During your interview process, you may become exhausted and frustrated with a lack of quality candidates…But if you’re like most hiring managers, you’re more likely to experience the opposite: more great candidates than you can ever reasonably bring on board. If you only have one open position, you’re probably going to face at least two applicants—and possibly several more — who you’ll have to turn away, even if you’re impressed with their qualifications and personalities. So, what can you do to make the rejection process a little easier — for both of you? How can you say goodbye but still leave your excellent applicant with a feeling of positivity and goodwill that might carry over into a potential working relationship at some point in the future? Keep these considerations in mind.
Cut quickly through paperwork bottlenecks, HR hassles, overlapping vacations, and other workplace priorities to reach your hiring decision quickly. An efficient, expedient process and a timely decision demonstrate respect for the candidate. Drawing things out will breed resentment, and rightly so. Your candidate has important decisions and plans riding on this outcome, just like you.
Provide feedback if you can.
If an applicant asks for an explanation, it’s okay to keep your cards close to the vest, since too much sharing can open your decision to scrutiny and your company to potential legal action. But if you have harmless, positive feedback to offer, the benefits of sharing can outweigh the risks. For example, if your candidate was highly qualified but the next in line had an additional degree and a few more years of relevant experience, explaining this can put potential resentment and self-doubt to rest.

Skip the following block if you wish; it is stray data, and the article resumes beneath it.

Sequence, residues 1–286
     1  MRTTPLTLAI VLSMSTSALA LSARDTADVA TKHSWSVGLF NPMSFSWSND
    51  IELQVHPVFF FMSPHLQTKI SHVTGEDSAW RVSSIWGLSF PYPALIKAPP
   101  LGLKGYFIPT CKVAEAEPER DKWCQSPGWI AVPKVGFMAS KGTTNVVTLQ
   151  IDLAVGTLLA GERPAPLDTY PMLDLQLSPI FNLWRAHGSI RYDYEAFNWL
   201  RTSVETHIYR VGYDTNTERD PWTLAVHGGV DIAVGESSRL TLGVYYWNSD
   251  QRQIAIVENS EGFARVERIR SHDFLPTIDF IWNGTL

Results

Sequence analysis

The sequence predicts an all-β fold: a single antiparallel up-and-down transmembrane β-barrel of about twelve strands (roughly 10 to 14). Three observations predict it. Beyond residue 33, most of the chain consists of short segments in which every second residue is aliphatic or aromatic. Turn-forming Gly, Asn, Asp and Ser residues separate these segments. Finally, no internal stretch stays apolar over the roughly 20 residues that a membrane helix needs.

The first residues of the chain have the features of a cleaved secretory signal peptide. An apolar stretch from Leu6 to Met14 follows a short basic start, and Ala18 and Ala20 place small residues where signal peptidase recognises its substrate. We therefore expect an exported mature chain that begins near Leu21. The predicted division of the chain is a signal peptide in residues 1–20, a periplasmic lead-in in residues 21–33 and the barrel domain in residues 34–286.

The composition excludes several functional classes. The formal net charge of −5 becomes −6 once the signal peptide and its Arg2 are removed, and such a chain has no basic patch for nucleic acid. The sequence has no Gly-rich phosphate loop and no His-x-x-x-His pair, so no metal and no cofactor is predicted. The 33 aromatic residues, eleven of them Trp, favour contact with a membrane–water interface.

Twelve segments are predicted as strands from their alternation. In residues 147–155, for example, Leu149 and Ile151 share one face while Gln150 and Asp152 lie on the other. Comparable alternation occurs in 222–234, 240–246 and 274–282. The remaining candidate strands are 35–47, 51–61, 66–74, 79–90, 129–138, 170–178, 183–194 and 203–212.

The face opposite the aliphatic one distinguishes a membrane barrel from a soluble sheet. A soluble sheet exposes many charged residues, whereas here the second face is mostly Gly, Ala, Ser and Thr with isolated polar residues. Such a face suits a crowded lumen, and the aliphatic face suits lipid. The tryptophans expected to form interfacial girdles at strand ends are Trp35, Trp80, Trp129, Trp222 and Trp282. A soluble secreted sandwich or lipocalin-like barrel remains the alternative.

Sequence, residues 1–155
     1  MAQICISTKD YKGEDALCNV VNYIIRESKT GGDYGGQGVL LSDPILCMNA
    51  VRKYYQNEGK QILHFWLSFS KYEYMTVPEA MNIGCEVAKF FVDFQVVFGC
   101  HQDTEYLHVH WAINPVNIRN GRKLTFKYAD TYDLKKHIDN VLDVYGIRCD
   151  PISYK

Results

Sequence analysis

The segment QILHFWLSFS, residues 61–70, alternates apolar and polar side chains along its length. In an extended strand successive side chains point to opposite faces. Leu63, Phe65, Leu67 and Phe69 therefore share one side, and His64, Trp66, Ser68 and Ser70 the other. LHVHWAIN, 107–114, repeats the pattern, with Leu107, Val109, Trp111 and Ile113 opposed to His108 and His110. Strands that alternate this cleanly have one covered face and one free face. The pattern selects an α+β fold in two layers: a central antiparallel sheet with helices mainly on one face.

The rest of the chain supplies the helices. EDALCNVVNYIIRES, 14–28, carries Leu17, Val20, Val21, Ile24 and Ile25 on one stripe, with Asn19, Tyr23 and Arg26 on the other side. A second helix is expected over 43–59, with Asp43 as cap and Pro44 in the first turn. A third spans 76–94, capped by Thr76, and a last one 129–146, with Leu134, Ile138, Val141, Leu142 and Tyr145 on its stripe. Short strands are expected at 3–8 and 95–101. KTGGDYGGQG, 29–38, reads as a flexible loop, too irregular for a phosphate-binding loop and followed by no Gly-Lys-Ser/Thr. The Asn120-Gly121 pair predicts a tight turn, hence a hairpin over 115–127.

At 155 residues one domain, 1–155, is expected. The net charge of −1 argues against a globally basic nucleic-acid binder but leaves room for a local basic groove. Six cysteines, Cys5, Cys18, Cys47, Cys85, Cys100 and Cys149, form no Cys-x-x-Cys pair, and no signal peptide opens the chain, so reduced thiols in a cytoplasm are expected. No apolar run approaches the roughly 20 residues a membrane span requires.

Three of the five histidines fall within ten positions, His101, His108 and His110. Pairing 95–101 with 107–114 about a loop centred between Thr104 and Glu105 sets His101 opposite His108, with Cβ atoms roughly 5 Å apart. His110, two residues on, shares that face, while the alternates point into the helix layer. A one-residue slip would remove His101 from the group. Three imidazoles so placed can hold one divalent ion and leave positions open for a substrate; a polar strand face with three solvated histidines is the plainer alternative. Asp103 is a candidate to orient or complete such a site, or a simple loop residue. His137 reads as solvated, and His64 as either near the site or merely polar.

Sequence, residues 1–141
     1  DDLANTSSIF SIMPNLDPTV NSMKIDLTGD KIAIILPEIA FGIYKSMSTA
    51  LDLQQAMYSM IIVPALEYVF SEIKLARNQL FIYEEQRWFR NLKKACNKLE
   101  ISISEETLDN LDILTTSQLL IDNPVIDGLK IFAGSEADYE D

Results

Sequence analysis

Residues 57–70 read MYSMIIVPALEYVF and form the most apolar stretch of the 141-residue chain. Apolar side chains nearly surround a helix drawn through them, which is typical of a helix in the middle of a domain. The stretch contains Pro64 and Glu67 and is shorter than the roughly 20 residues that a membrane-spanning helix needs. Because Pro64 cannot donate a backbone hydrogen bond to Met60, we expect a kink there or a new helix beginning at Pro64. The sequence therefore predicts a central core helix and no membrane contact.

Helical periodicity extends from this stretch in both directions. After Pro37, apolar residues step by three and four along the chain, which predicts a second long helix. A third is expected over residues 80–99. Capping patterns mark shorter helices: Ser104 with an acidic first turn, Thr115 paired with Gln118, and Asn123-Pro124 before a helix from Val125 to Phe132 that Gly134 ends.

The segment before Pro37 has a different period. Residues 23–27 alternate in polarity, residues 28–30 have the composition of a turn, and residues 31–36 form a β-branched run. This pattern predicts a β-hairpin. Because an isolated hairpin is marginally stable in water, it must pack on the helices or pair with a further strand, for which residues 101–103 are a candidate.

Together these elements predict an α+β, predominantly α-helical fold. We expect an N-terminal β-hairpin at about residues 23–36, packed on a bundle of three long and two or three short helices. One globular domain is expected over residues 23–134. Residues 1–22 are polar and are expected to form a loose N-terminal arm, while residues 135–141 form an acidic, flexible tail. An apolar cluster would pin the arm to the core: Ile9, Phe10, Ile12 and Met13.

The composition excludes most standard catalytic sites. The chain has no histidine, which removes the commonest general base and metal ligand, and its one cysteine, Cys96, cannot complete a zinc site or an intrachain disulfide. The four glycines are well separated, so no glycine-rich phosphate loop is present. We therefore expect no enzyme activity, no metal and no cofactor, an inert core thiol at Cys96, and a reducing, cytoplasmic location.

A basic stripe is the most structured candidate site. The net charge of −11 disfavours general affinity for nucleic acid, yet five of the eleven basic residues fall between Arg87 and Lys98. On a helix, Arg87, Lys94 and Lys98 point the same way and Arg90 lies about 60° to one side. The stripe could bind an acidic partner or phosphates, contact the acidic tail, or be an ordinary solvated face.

If you’d like to keep the relationship open, say so.
If you have no further interest in maintaining a relationship, that’s fine. But if you’d like the rejected applicant to keep checking your website and applying for future opportunities, make this clear. Most applicants won’t do this unless they’re invited. Open lines of communication are a two-way responsibility, and after applying in good faith and being turned away, potential employees will typically close the door. If you’d prefer to stay in contact or you’d like to keep the candidate’s resume on file, let them know.
Give them something.
The strongest possible gesture of goodwill may come from the offer of a small gift or token that shows genuine interest, appreciation, and respect. Providing a discount on the company’s products can sow positive seeds, and so can signing the applicant up for a subscription or service that supports their job search, like a series of online interview tutorials.
Work with a top staffing agency in Scottsdale.
Do you need quality candidates for your open positions? Our team at the ACCENT Hiring Group is ready to help. Contact us today to work with a top staffing agency in Scottsdale.